Two gunmen and a security officer were killed in a raid at a Tunisian museum on Wednesday, ending a hostage situation that followed an attack on the building that left several tourists dead.
The gunmen killed 19 people — including 17 tourists — and injured 22 people, according to Prime Minister Habib Essid. The attack started outside the National Bardo Museum, which lies next to the capital’s parliament compound.
The attackers then proceeded to hold a number of tourists and museum staff hostage as government forces surrounded the area.
The standoff ended when armed troops stormed the museum. Both attackers were killed and the hostage crisis was declared over by Tunisian authorities. A police officer was killed in the security operation.
“A terrorist attack [targeted] the Bardo Museum,” ministry spokesman Mohamed Ali Aroui told reporters, adding that the assault was carried out by “two or more terrorists armed with Kalashnikovs.” He said that about 100 tourists had been inside the museum at the time of the attack.
The attack began with a burst of gunfire from near the parliament building around midday, according to local media reports. The building was evacuated soon after the attack. The assailants then entered the adjacent museum and took hostages. Photos posted to Twitter by one of the alleged hostages show more than a dozen people in a room of the museum.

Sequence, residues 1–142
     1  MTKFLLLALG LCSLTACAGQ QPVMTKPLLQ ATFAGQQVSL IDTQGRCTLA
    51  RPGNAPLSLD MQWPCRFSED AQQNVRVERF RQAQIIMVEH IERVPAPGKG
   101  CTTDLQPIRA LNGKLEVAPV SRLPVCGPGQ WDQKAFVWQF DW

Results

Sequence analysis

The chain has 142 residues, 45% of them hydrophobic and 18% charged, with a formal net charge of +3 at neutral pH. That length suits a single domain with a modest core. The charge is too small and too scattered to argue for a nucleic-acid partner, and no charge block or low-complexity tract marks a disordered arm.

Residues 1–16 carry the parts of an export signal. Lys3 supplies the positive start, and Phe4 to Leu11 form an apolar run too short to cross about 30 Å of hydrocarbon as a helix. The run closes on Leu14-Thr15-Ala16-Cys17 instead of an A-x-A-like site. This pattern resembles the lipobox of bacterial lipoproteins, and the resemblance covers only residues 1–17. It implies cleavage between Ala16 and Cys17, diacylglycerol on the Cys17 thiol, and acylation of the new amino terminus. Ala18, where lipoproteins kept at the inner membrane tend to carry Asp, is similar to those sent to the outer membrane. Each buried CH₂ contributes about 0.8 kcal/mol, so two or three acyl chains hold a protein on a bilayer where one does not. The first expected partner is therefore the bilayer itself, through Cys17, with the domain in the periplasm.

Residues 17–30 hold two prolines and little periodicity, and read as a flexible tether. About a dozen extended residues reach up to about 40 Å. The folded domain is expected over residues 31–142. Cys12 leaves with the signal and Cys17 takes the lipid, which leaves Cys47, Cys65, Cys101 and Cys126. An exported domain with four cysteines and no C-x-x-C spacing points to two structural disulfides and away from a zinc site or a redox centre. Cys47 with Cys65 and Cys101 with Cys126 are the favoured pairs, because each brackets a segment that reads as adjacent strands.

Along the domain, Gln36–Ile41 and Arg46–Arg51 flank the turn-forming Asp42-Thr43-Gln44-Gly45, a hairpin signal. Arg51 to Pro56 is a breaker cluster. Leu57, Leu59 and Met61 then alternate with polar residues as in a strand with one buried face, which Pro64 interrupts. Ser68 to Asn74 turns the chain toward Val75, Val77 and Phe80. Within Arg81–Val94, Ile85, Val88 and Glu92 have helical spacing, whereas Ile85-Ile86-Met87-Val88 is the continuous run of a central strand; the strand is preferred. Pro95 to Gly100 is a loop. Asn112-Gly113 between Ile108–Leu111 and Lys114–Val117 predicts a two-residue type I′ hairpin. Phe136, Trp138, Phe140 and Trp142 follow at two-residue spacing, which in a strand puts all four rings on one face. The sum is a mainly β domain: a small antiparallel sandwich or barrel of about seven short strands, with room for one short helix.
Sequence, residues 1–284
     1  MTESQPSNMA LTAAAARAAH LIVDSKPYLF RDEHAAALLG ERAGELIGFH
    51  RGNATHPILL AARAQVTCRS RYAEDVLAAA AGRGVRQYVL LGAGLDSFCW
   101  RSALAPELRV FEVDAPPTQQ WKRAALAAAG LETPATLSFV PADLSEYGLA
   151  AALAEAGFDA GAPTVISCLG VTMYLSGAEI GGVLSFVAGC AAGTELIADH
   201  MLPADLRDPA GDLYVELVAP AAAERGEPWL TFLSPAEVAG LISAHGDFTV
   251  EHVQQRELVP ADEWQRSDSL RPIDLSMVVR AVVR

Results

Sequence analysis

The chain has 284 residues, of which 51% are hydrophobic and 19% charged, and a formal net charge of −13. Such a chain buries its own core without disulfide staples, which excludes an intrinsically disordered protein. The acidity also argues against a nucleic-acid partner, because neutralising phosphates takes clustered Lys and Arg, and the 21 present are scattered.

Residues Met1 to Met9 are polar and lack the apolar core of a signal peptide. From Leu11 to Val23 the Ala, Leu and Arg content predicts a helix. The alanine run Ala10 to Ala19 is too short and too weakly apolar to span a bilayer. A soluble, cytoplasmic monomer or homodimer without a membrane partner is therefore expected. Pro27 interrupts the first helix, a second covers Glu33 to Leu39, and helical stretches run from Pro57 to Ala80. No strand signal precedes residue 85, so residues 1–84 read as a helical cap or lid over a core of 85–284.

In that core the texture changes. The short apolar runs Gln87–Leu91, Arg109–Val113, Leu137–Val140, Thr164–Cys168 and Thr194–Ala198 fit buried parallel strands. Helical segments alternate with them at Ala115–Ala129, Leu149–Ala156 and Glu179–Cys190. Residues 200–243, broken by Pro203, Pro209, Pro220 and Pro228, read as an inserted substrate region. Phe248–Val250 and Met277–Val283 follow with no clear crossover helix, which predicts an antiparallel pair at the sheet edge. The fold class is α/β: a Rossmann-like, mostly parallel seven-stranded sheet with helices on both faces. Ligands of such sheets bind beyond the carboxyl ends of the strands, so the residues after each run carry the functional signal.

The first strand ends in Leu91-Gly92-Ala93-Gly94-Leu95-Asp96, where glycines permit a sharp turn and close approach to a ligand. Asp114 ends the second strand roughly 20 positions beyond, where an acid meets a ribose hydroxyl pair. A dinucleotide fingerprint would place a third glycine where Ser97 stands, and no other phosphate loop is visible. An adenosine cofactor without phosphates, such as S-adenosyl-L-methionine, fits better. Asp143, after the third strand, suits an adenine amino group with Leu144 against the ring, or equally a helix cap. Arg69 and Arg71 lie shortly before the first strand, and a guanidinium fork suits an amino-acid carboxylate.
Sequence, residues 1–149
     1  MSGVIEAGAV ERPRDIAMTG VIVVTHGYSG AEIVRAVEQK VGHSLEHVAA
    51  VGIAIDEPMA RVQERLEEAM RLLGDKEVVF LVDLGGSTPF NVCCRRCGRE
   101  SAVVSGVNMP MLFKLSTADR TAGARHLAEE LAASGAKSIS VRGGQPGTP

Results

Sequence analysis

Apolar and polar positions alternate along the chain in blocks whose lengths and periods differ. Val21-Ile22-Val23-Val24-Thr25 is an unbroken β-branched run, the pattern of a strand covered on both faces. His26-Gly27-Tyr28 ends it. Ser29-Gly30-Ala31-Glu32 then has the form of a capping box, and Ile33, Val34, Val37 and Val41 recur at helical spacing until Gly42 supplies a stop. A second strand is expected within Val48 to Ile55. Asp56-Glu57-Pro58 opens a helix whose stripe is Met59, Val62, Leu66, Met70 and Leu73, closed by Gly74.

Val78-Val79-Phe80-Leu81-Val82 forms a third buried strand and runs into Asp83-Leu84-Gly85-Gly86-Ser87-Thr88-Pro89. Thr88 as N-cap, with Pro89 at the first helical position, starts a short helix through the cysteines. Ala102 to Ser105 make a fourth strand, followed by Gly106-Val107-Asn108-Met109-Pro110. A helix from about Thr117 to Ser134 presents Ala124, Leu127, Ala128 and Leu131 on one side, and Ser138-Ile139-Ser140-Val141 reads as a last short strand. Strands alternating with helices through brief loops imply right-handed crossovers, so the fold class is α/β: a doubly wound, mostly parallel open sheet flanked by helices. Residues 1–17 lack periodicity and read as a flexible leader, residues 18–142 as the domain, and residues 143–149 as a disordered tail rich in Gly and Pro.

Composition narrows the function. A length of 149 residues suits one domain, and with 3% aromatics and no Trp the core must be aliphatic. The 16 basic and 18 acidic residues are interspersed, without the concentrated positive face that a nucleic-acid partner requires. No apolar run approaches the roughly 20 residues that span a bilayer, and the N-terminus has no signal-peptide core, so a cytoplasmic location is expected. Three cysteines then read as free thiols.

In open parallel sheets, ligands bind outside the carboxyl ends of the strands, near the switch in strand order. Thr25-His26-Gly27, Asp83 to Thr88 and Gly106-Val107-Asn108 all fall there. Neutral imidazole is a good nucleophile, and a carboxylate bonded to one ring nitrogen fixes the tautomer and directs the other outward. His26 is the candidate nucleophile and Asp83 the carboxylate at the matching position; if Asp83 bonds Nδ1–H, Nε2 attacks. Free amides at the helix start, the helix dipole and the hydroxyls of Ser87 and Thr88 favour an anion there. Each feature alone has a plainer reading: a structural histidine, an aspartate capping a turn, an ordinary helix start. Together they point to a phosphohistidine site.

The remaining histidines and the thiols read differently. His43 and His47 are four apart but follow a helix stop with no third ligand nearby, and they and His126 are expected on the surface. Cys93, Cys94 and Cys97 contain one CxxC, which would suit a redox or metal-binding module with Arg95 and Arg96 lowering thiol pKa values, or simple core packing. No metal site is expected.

Yasmine Ryan, an independent journalist who covers North Africa, told Al Jazeera from Tunis that ambulances were going in and out of the area, which had been cordoned off by the security forces.
President Beji Caid Essebsi was to make a public statement to the nation, presidency spokesman Moez Sinaoui told Agence France-Presse.
In a post to its Facebook page, Tunisia’s major Islamist political party, Ennahdha, said it was “horrified by this attack,” adding that it “strongly condemns all acts of violence against Tunisia and its visitors.”
Tunisia has witnessed periodic flare-ups of violence ever since the country’s 2011 uprising toppled autocrat Zine El-Abidine Ben Ali.
The attack comes a day after Tunisian security officials confirmed the death in neighboring Libya of a leading suspect in several attacks in Tunis, including the killings of two high-profile opposition figures.
Roughly 3,000 Tunisians have also left the country to fight for radical groups like the Islamic State in Iraq and the Levant (ISIL) in Syria, Iraq and Libya, sparking fears that returning fighters could carry out attacks at home.
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